Here's another hard-hitter for you: Whenever I talk to someone I try to work in a basketball question and it goes nowhere, but you're a known Clippers fan. Big moves this summer. What are your thoughts going into the season?
I'm so excited. My girlfriend makes fun of me every time I drive downtownI look out my window longingly at Staples Center and she's like, "You're thinking about the season, aren't you?" And I'm like, "What?! No." And I obviously am. I mean, I almost cried when I heard Kawhiwas coming. I was laying on the couch with my girlfriend. We were watching Stranger Things. I didn't have my phone on me. Erik Griffin, who played Montez on Workaholics, called my girlfriend and said, "I think Adam needs to look at his phone." And Erik is a buddy of mine and he's in the comedy community and so I was thinking, like, "Did somebody in the comedy community die or something?" So I ran to my phone going "What happened?!" and then, complete right turn. I was all of a sudden the happiest I've ever been. I had 38 text messages and like 12 missed calls.
Is there anything you haven't mentioned about that show that my expert interview questions haven't teased out?
I think everyone who sees the cast and sees the poster is gonna think like, "Oh, this is going to be a funny comedy." And it is funny, but I think people are going to be surprised at how dark it gets — how, tonally, it's so much different than anything else on TV right now. And also how much, even though these characters are doing some pretty horrendous, horrible things, you still, at the end of that first episode, really wish this family the best. You want them to succeed and you don't want them to get hurt or in trouble. I think the guys did such an amazing job of making it feel unlike anything that they've done before. And unlike anything that's on TV right now.
The Righteous Gemstones airs Sundays at 10:00 p.m. PT on HBO.
The Righteous Gemstones HBO, 9:00 p.m. — Danny McBride created and stars in this new comedy about a televangelist family.
Succession HBO, 9:00 p.m. — Roman and Kendall do a “routine health check” of a new media brand to help Vaulter to determine the future of the company. Tom tasks Greg with sniffing out waste at ATN, as Greg wonders if the divisive media outlet is the right fit for him.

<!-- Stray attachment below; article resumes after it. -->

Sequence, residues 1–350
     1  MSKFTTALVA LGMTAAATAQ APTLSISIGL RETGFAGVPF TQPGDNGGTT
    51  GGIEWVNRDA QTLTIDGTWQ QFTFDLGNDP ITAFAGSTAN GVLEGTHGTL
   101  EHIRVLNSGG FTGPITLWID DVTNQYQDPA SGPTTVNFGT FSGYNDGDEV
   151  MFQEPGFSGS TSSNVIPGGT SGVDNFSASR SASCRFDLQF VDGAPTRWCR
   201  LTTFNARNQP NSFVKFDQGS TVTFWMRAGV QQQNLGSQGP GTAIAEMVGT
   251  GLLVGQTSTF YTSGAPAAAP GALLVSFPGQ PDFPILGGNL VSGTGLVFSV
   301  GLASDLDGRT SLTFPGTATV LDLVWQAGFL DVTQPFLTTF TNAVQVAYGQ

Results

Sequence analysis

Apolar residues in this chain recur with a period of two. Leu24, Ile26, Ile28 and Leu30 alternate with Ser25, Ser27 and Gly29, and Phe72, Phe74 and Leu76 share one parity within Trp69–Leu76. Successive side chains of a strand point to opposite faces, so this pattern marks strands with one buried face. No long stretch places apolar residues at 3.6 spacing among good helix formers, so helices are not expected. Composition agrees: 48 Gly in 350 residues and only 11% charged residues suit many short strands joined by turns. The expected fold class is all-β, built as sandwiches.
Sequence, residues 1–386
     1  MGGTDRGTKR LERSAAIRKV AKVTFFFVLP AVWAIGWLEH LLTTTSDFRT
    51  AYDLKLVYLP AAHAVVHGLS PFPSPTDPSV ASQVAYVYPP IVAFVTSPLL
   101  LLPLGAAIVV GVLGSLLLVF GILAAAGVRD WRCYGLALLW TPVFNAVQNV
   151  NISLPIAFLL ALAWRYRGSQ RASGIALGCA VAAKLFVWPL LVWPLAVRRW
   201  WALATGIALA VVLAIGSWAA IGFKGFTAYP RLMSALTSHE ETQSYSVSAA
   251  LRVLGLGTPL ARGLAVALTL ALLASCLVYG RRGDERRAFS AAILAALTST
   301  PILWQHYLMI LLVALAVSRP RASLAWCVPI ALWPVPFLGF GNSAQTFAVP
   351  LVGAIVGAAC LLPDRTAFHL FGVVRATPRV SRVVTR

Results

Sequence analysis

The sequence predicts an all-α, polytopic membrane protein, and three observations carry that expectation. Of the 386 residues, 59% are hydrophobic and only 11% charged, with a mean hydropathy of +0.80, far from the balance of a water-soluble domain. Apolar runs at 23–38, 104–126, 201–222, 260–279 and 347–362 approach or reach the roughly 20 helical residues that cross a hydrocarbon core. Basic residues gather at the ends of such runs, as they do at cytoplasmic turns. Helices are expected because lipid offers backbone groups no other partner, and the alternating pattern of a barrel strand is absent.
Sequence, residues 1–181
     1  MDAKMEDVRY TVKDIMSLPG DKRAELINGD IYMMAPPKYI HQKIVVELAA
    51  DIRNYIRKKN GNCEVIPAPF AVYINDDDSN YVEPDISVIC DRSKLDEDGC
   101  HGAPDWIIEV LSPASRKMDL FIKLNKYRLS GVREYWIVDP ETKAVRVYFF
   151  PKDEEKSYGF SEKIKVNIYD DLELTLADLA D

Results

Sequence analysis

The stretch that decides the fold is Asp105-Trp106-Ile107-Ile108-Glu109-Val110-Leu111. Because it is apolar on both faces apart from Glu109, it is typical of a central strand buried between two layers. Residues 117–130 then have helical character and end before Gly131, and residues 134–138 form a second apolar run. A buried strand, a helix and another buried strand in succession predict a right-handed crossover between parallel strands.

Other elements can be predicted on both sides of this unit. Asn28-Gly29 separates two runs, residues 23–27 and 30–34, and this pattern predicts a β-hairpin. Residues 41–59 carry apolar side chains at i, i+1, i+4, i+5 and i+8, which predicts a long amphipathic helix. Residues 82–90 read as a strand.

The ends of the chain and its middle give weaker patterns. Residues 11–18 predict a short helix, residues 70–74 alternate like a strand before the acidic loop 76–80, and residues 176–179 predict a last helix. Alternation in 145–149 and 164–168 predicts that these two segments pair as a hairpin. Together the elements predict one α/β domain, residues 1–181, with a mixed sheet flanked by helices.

Preacher Sunday, AMC 10:00 p.m. — Tulip forges an unexpected alliance to plumb Masada’s dungeons and free whatever remains of Cassidy. Meanwhile, Jesse’s mission to Australia may be over before it’s even started.
Downton Abbey Live! Sunday, PBS 9:00 p.m. — A celebration of Downton Abbey with behind-the-scenes stories and a preview of the upcoming feature film.
Here’s the rest of this weekend’s notable programming.
Real Time With Bill Maher Friday, HBO 10:00 p.m. — Guests include Sheldon Whitehouse, Mike Render, Carl Hulse, Rick Wilson, and Betsy Woodruff
Fear The Walking Dead Sunday, AMC 9:00 p.m. — Morgan and Grace search an abandoned shopping mall for supplies and to fulfill a dying man’s wish. There, the mission quickly turns to a fight for survival.
The Rook Sunday, Starz 8:00 p.m. — Myfanwy and Farrier quickly discover how dangerous life is outside of the Checquy, while Grantchester runs out of options.
City on a Hill Sunday, Showtime 9:00 p.m. — Jackie celebrates another moment in the spotlight, though an unfamiliar pang of guilt leaves him reflecting on his legacy. Decourcy considers the best course of action to finally carry out justice for the murdered guards.
Instinct Sunday, CBS 9:00 p.m. — It’s all hands on deck to track down the Sleeping Beauty Killer when Ryan and Dylan’s biggest lead in the case takes them to a faceoff aboard a ship.
Sweetbitter Sunday, Starz 9:00/9:30 p.m. — Tess and Jake take their relationship to the next level, causing tension with Simone; Ari feels abandoned; and Will uses his power for a questionable purpose. Tess learns the truth about Jake and Simone’s past.